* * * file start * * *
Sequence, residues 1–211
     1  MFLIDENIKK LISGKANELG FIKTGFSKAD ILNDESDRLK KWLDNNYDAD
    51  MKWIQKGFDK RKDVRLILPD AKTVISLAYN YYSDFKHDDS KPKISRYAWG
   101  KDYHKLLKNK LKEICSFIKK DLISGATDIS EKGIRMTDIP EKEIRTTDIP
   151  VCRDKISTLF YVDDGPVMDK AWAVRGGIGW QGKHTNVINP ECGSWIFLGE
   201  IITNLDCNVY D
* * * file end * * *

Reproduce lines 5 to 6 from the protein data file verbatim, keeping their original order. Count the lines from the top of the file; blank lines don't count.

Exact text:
   151  VCRDKISTLF YVDDGPVMDK AWAVRGGIGW QGKHTNVINP ECGSWIFLGE
   201  IITNLDCNVY D